Sunday, December 15, 2013

Now that I’ve shaken off some of the soreness with aspirin and sleep, I’m able to write once again. Yesterday was eight hours of sweat and work, as I moved a trusted friend and his fiancée out from their apartment to a more affordable living space. If I haven’t mentioned it before, I’ve hauled friends and family to and fro more than I can successfully count. If I were to guess, I think the number of times would be in the upper 20s by now. Not many non-professionals can say they’ve done that. I consider it a matter of virtue, and something that should be done more often by others. However, my life is not the only string in the harp.

It has, though, shown me the limitations of my body. I had to stop and rest a few times. Even though I’ve been in places with more flights, the stairs were a killer. No less than 30 times did I climb them, and that was with a team. I’m not as young as I once was. Maybe from my experiences, I could say a few things to people who are keen on moving in the future:

– If you have any considerable amount of books (e.g. more than one tall book case), take time in advance to pack them in lidded boxes. I consider “in advance” about two to three weeks. You can’t read the whole bookcase before then, and life most likely would dictate that you won’t read more than a couple. These are very heavy, but can be quickly transported on an appliance dolly if packed correctly.

– Closely related to the point above, if you’re having volunteered work come and help DO NOT WAIT UNTIL THAT DAY TO START PACKING. I cannot emphasize that enough. If you have a very busy life, start packing months in advance bit by bit. Nothing bogs down moving day like having little to move in the morning while people are fresh. By the time 5:00pm rolls around, people will be tired whether they started at 9:00am or noon. If you’re paying for the labor, then that’s a different story.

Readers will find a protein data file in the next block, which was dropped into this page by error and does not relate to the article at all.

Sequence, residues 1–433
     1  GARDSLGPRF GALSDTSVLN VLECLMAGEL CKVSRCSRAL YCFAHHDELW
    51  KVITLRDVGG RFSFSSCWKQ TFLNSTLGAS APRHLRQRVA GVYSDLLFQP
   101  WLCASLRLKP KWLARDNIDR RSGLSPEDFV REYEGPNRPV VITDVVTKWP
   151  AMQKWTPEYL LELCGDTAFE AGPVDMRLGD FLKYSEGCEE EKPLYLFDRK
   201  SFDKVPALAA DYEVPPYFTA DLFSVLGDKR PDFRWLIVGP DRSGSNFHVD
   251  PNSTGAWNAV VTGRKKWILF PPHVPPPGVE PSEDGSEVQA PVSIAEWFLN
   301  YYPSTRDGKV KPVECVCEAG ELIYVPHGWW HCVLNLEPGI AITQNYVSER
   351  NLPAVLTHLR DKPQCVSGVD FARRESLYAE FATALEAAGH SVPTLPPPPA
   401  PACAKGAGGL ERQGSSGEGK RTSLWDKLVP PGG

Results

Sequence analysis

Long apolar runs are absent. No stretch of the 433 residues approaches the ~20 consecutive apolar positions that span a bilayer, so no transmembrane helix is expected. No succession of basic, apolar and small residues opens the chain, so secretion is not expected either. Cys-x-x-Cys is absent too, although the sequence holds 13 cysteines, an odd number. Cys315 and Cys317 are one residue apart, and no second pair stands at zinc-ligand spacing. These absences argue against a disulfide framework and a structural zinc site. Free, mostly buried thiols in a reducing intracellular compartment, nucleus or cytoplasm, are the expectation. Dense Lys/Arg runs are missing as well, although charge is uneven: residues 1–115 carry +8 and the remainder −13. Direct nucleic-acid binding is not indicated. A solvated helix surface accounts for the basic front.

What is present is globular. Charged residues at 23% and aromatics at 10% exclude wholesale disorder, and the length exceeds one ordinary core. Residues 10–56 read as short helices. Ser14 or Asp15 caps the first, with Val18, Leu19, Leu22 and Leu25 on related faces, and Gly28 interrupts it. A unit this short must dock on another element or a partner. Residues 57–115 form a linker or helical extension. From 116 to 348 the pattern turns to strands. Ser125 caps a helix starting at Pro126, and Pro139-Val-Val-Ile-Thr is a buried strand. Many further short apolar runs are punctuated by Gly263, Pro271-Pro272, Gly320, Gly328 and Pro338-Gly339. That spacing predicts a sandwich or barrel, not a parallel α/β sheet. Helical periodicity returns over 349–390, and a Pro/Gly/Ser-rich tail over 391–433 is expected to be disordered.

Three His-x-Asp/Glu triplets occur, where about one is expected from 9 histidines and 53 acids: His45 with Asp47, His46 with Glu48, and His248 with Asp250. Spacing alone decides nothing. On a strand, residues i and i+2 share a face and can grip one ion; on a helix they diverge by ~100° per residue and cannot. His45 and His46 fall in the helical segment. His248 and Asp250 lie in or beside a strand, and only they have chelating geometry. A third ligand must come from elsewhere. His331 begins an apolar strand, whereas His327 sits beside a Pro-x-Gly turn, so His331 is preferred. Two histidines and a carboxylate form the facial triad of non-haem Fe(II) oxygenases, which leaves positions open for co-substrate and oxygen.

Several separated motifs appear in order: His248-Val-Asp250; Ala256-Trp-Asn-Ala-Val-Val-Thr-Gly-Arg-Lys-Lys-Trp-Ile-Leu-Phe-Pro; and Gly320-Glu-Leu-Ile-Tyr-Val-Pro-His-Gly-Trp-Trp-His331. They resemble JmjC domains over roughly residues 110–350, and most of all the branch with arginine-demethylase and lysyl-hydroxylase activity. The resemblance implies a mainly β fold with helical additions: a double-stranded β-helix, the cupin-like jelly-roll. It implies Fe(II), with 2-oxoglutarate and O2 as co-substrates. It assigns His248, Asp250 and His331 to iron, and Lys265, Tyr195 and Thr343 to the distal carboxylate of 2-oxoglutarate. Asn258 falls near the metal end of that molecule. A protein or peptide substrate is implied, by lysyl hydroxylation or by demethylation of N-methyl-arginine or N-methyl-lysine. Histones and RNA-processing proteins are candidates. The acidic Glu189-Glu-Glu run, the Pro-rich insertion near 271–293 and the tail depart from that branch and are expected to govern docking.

– Have plenty of garbage bags on hand. Why? Because you’ll inevitably be throwing something out, whether it be your leftovers in the refrigerator or the college essays you’ve tucked in the corner “for reference.”

– Add at least two trips to the number of hauls to what you think you might need. Over the course of my work, people often underestimate their hauling capacity versus the amount of possessions they have. Closely related to the first sentence, consider the possibility it might take you more than one day to move. If you can, which has happened for me on more than one occasion, start moving non-essential items in before the bulk of the possessions are to be moved. Cleaners, towels, and other housekeeping items will also come in very handy at the new location. Why not have them waiting when you get there?

The over-arching point to take away from this is don’t have your help walking in on an unprepared house the day you’re supposed to move. Nothing starts off a clusterjam like shooting from the hip. You will always run into obstacles moving possessions and will need all the energy you can muster to solve those problems when moving. It’s also a tip of the hat to your help that they’re working on the problems you simply cannot do alone. That’s why you need their help in the first place. The more you can focus their assistance on those problems, I guarantee you the smoother it will be.

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13 thoughts on “Sunday, December 15, 2013

  1. Nicole says:

    I’ve always helped others move when I have been asked to (although I’m rarely much help and usually just get in the way), but I’ve noticed that most friends are adamantly opposed to helping out with such things. Often, when you ask them they’ll laugh sarcastically as if to say, “Oh, you’re not serious about that, are you?” But you’ve helped me move twice, the first time being only two days after we met, so there are officially not very many people as kind as you.

    By the way, it looks like I’m closing on a house at the end of January… I doubt you’d have any desire to spend an entire day moving stuff right after spending an entire day driving, but just in case I’m wrong there will be a lot of pizza and beer afterwards! 🙂

    • There’s little getting around that moving is hard work, both for the occupant and the people that help. Some are simply too self-centered to exert that kind of energy, and while that’s their prerogative, it demonstrates the lack of community Americans are allowing to exist in the country.

      Unfortunately, it’s a bit too far for me to do that. The time and the money involved would be too much for me, especially during the year-end operations for the business.

      • Nicole says:

        I can definitely understand, hehe. But after I get everything in order, you will be welcomed to visit whenever you’re able.